On the 19th October 1824, Explorers Hamilton Hume and William Hovell passed through the Yass Plains on their expedition to Port Phillip. That afternoon, the Hume & Hovell party reached the Murrumbidgee River only to find a deep, fast flowing, 40 metre wide river in flood.
On the 22nd October 1824, after three days of trying to find a place to cross and the floodwaters had not diminished, a tarpaulin was wrapped around the body of a cart to convert it into a makeshift punt. Accompanied by one of his convicts - Thomas Boyd, Hamilton Hume swam across the river with a rope and used the makeshift punt to transport equipment, provisions and non-swimmers to the other side.
Hume and Hovell later crossed the Goodradigbee River (formerly known as "Little River") not far upstream from the modern day location of Wee Jasper village. Afterwards, due to the extremely steep terrain, they were forced to leave their carts and much of their provisions concealed in one of the gullies near the Goodradigbee River.
This whole leg of their expedition was of crucial importance to the opening up of the Wee Jasper district.
Soon afterwards, W.H. Dutton took up 1024 hectares at the junction of the Murrumbidgee and Goodradigbee Rivers.
When Gold was discovered at Kiandra in 1859, the track between Yass and Wee Jasper was declared the shortest way to travel from Sydney to the Kiandra goldfields. Thousands of fortune seeking Europeans and Chinese used what must have been a rough bush track, prior to the development of the current surveyed Bitumen (mostly) road.
The Taemas Bridge crosses the Murrumbidgee River a few kilometres downstream from Hume & Hovell's makeshift punt crossing. The original bridge was washed away in May 1925 when logs and debris built up against the structure and floated the wrought iron girder deck off the cylinder piers. The present bridge was opened in 1930.
As the road winds towards Wee Jasper, panoramic views of the Murrumbidgee and Goodradigbee valleys and the stored waters of Burrinjuck Dam unfold. Clear views of limestone rock formations and extensive folding; millions of years old can be seen in many of the hillsides and the cliffs arising from the rivers. Geologically described as an "Anticline" formed in the Devonian period the formation is estimated to be roughly 400,000,000 years old.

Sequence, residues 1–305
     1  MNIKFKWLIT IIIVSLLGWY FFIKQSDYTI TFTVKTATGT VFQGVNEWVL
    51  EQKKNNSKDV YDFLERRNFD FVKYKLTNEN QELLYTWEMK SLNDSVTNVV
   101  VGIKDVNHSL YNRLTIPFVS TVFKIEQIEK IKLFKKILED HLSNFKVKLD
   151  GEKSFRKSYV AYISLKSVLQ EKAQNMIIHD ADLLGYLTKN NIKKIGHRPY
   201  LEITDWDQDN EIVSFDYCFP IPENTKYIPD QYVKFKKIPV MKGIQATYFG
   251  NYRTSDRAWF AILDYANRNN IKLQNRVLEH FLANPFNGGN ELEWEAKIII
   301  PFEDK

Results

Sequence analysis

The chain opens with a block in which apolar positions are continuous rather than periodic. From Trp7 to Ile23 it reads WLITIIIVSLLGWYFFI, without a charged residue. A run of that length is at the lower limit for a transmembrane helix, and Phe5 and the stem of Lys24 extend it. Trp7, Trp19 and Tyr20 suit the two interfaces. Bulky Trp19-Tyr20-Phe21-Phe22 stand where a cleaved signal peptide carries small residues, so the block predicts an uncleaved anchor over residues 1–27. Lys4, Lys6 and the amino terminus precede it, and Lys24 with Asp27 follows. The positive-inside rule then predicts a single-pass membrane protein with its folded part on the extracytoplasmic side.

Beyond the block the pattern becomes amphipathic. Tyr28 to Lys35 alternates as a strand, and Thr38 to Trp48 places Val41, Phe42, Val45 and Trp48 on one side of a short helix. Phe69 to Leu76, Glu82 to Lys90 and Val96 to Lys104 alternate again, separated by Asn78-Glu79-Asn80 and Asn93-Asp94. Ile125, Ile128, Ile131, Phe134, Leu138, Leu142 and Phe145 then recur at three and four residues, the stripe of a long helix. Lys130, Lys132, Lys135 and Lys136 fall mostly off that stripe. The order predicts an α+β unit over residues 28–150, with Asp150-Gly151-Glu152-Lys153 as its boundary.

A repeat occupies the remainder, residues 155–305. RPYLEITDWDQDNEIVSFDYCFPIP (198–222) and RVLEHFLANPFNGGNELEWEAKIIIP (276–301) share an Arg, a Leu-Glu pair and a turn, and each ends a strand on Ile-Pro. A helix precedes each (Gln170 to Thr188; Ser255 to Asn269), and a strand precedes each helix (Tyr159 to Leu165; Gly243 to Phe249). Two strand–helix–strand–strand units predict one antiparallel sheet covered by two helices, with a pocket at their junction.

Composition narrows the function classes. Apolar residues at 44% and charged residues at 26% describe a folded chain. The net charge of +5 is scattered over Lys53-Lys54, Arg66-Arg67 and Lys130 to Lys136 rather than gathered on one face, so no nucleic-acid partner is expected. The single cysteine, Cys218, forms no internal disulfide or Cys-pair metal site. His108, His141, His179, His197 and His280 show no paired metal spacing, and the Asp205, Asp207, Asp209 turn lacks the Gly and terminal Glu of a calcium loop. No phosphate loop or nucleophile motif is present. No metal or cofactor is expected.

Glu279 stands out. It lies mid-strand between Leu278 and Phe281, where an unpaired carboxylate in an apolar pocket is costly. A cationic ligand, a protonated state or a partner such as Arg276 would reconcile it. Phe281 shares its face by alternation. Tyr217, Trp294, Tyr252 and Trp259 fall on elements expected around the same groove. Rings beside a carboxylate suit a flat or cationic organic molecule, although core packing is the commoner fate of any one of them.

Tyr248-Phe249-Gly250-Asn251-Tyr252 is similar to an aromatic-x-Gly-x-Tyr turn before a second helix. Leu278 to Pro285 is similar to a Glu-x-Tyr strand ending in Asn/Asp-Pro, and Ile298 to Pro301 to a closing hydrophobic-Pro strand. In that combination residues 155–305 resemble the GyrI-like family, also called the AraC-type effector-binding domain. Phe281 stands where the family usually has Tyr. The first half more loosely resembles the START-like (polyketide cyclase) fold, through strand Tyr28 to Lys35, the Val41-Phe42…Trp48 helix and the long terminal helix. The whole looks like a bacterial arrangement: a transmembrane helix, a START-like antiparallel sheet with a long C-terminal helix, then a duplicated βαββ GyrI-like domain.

Carey's Cave was discovered in 1875.
The most romantic origin of the name Wee Jasper comes from folklore and is attributed to an early resident, McBean, an old Scot, one of the earliest settlers. McBean, so the story goes, arrived home one day with some "wee(Scottish for small) Jasper(A type of Gemstone found in the area)" in his pocket, found in some obscure stream in the hills.
Australia's best known poet, A.B. 'Banjo' Paterson, who grew up near Binalong, was part of a syndicate which purchased the 16000 hectare 'Coodravale' property on the east bank of the Goodradigbee at Wee Jasper. Paterson used it as an occasional country home during the early 1900's so that his children could experience country life. His experiences there are commemorated in 'The Road to Hogan's Gap' and 'The Mountain Squatter'.
Some of the historical charm of early Wee Jasper has been lost through natural decay and modernization. However, situated on the right as you cross the Wee Jasper Bridge is the former Police Barracks, c1880 now the Stables Tavern & Restaurant. Further on the right is the School Residence, formerly the Police Station, then at the intersection is the Wee Jasper Public School opened in 1899.